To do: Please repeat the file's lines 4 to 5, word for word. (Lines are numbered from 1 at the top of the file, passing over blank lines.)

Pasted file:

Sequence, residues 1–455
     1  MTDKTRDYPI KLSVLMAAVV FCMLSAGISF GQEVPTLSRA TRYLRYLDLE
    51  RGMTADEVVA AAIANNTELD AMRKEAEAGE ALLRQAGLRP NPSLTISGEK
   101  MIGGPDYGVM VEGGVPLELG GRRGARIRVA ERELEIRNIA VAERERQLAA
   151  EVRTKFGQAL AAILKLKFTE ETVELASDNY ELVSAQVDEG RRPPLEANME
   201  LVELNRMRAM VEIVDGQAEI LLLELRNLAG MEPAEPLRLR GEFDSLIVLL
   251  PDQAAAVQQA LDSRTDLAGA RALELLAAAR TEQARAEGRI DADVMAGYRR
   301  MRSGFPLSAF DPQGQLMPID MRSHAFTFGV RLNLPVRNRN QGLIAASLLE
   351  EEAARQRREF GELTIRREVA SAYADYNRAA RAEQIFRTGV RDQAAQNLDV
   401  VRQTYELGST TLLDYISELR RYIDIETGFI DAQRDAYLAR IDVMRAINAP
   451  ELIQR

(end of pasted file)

   101  MIGGPDYGVM VEGGVPLELG GRRGARIRVA ERELEIRNIA VAERERQLAA
   151  EVRTKFGQAL AAILKLKFTE ETVELASDNY ELVSAQVDEG RRPPLEANME